Great Whiskey Challenge??

So this is what I feel like after the first round of the Great Whiskey Challenge of 2012.  See I got almost everything wrong based upon price, but based on flavor I still contend I’m spot on.  Here is how it broke down.

Remember I said:

All in all for those that are keeping score for me the whiskeys stacked up this way:

  1. Whiskey A:  ”A” is for Amazing!
  2. Whiskey B:  was the runner up.  A nice middle shelfer.
  3. WhiskeyD:  This one was good, but not my kind of good.
  4. Whiskey C:  Bottom Shelf all the way, “Meh”

Well here were the actual whiskeys and how they ranked based on price.

From Rob Wallace:

To answer your question regarding the price order:

C. Eagle Rare 17 lists at $67.95. It is in the top 10 highest priced bourbons in the Idaho Price Book, and was the high end for this round.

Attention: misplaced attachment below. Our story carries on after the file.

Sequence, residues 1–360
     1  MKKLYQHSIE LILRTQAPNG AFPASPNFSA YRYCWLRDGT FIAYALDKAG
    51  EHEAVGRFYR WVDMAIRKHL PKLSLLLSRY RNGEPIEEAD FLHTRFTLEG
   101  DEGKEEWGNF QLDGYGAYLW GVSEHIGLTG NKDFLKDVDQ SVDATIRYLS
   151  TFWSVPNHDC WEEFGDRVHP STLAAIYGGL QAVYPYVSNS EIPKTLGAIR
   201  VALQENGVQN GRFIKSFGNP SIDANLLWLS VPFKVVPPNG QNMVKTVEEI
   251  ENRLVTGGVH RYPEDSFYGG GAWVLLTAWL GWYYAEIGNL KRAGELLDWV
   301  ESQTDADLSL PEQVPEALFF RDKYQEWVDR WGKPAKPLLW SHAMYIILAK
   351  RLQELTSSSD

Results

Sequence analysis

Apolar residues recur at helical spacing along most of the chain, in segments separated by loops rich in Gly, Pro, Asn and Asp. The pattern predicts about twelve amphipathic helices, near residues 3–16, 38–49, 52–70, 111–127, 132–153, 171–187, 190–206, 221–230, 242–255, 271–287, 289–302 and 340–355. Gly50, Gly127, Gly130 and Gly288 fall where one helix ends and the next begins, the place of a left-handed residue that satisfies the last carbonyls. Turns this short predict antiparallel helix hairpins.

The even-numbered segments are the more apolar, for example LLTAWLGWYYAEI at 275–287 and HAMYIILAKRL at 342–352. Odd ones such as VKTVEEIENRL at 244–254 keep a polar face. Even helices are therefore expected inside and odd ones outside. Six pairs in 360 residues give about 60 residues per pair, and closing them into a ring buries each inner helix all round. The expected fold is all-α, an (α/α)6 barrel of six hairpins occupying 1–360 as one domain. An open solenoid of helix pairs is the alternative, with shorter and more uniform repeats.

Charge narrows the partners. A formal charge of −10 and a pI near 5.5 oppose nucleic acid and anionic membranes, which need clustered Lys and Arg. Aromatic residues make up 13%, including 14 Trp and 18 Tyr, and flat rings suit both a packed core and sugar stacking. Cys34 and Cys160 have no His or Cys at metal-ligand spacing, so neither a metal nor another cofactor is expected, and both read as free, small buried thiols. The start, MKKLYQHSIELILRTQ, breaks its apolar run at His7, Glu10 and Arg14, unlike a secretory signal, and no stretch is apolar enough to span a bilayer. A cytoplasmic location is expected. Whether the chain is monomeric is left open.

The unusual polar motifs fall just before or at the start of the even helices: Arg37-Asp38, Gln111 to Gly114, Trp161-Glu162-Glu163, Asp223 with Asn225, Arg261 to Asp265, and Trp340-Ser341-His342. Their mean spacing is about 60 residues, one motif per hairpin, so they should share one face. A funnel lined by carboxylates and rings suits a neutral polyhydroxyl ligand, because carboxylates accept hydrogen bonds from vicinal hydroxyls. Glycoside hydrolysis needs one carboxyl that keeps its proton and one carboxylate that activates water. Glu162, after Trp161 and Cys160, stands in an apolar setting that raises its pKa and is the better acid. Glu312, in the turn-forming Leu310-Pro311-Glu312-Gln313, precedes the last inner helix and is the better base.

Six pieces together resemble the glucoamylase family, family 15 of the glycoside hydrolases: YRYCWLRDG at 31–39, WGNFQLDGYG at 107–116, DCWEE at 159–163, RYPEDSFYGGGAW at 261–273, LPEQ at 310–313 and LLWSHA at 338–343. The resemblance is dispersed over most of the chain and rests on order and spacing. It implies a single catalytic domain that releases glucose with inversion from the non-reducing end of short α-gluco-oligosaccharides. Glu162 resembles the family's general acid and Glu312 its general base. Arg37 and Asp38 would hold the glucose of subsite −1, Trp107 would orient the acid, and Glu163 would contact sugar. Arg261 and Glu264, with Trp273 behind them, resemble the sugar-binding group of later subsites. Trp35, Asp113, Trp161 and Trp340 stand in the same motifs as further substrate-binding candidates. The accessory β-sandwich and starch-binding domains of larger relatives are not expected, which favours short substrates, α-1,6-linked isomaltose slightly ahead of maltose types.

D. Wild Turkey Rare Breed lists at $38.95-middle shelf
A. Wathen’s Single Barrel lists at $26.75-lower middle shelf
B. Jim Beam Devil’s Cut lists at $24.95- low end for this round

So what I want you to notice is how I got everything totally wrong!  Is a matter of fact I couldn’t have been more wrong if I intentionally tried to be wrong.

That said, how wrong was I?  See whiskey is all about flavor and personal preference.  I have long said that there are gems on the lower shelves and that some of the higher priced ones weren’t all they were cracked up to be.  One other thing that plays in here is the Wathens, which I said was the best of the lot was a single barrel bourbon.  This particular barrel from which my sample was drawn must have been a honey barrel.  That is the kind of whiskey people always hope to get when they buy a single barrel bourbon.  Had my Wathens I had when I did the single Barrel showdown been from this barrel it would have made it into the latter rounds.  This whiskey was absolutely amazing. And that is what you get with single barrel bourbons, there is a great variation from barrel to barrel.